Imagine a flotilla of blimps among Alaska’s aviation arsenal, capable of delivering fuel to rural Alaska and mining equipment to the farthest-flung areas of the state. As Anchorage prepares to host its third annual airship conference, July 10-12, some in Alaska say it’s just a matter of time. But do airships, a.k.a blimps, really have a viable future in Alaska, or do supporters have their heads in the clouds?
Ron Hochstetler is among the believers. As the technical chairman of the Cargo Airship for Northern Operations, he calls the potential for airship and all their setbacks “the most exciting and frustrating part of aviation.”
Hochstetler has been interested in blimps’ “pent-up potential” since 1984. He holds a grand vision of what blimps could do for the globe. “The airship has the potential for turning the world into an archipelago of islands that can be visited at will, without investing a lot of money into infrastructures,” he said.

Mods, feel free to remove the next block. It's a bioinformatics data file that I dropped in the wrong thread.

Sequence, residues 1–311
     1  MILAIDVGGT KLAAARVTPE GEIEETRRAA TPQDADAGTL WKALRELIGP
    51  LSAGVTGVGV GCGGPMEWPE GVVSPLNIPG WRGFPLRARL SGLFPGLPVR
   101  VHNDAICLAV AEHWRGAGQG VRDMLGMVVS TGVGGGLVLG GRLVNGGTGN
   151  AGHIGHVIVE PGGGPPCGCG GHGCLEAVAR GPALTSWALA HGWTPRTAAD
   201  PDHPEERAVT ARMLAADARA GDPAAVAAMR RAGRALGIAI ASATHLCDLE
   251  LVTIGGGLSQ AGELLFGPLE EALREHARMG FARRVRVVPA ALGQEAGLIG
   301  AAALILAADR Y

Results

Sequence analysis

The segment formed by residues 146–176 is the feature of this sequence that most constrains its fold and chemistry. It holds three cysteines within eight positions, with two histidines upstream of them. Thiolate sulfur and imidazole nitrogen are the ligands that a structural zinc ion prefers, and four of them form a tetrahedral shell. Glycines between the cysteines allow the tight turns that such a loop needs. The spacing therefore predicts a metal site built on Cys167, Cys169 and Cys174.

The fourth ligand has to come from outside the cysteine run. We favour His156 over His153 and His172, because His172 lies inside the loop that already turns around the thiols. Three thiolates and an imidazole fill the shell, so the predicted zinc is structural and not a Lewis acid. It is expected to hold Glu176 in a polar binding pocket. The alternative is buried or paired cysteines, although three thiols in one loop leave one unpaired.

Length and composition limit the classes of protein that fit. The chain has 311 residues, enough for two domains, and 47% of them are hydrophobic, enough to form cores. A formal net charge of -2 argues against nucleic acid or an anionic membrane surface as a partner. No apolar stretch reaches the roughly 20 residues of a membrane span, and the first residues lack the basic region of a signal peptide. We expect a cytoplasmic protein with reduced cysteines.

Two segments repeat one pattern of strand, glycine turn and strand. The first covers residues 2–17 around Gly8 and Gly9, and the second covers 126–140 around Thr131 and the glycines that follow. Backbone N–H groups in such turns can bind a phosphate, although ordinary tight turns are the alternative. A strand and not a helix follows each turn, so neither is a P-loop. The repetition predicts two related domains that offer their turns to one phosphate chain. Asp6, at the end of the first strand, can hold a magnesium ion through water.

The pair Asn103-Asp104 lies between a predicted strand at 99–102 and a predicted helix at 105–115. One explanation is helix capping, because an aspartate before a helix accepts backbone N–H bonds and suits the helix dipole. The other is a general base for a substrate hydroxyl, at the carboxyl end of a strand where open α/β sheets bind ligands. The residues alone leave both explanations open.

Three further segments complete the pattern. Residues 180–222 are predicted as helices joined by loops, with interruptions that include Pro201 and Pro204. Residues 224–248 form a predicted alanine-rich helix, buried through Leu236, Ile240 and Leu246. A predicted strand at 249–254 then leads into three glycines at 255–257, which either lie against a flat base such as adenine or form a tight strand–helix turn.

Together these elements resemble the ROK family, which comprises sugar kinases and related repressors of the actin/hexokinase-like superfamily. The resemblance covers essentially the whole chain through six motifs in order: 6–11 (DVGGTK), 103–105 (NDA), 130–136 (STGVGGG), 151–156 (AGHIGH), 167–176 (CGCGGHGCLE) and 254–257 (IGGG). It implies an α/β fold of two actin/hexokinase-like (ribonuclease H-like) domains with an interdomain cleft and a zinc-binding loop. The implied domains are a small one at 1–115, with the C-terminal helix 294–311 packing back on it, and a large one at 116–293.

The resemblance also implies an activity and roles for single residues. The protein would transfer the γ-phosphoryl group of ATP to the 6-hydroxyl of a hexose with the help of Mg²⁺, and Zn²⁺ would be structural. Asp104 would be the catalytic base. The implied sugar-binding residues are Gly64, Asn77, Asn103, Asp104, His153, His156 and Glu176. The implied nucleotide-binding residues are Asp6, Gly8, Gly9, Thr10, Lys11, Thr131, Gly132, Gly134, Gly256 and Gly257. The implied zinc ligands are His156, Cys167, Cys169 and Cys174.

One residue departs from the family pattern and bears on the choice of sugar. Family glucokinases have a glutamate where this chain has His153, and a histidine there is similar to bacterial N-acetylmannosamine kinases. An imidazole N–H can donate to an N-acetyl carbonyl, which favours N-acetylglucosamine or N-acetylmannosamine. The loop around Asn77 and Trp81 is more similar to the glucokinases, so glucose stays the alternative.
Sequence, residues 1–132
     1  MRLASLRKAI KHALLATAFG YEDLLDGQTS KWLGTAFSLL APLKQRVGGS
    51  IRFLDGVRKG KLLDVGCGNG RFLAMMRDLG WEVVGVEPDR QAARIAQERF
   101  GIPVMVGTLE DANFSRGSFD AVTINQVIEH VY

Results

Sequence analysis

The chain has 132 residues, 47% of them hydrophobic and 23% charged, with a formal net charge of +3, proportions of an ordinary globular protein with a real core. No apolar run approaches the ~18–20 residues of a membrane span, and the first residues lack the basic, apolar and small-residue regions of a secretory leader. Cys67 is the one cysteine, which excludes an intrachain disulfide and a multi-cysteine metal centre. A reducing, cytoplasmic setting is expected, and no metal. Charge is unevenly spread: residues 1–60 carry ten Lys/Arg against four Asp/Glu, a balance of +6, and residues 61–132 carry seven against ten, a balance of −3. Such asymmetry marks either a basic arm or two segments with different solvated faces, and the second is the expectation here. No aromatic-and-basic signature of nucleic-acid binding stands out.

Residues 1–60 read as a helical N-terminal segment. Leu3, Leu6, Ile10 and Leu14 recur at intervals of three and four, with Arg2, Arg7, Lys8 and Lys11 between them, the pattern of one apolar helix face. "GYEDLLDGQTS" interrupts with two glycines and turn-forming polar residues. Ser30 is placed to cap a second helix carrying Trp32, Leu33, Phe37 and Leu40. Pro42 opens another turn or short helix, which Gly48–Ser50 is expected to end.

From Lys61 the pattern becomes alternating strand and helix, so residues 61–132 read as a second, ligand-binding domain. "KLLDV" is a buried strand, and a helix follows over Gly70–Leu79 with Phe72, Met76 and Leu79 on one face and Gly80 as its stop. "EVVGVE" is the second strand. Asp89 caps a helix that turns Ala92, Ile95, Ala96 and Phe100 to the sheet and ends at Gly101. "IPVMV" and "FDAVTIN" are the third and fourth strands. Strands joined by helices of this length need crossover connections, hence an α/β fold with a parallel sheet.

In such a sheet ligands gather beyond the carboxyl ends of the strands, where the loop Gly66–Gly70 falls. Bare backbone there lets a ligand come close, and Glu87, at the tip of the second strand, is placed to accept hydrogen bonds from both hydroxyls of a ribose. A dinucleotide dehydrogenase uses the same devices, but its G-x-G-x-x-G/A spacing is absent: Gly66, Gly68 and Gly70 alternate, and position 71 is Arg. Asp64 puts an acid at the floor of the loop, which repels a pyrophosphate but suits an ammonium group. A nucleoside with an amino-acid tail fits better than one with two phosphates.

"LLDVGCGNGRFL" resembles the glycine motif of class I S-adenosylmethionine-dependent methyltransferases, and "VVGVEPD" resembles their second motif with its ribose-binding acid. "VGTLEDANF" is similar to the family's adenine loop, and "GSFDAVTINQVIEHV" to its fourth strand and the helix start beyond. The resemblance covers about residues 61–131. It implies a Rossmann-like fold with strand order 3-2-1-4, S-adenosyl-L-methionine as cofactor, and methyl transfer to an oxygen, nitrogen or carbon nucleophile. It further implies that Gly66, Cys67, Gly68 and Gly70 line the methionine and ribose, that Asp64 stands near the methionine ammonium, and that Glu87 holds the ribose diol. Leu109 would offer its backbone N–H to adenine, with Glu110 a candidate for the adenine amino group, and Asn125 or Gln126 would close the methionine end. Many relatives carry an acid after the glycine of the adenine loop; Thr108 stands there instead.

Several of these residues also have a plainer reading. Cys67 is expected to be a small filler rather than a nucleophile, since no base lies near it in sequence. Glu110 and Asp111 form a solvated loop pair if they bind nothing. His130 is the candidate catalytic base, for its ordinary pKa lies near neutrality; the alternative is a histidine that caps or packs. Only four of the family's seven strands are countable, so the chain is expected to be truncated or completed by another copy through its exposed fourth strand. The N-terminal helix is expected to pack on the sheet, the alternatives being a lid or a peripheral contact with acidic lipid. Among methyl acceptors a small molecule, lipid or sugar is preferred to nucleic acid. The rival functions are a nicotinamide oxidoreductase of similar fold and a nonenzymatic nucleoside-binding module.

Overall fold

Last year’s airship conference produced a lot of optimism but not much in the ways of solid planning for bringing airships to Alaska. But this year, as the annual airship conference approaches, the FAA has signed off on the certification of Lockheed Martin Corp.’s hybrid airship P-791, representing a step forward for bringing back the blimp.
Lockheed Martin is an aerospace, technology and defense firm based in Maryland, which derives the majority of its profits from weapons sales.
Its hybrid airship is different from traditional blimp counterparts in its shape -- while the cross-section of a conventional blimp, such as those seen at sporting events, is an ellipse, the hybrid airship’s cross-section is similar to an airplane wing's, which gives the airship lift in addition to what its helium provides.
The company has been working on the giant hybrid airship since 2006, said spokesperson Melissa Dalton via email.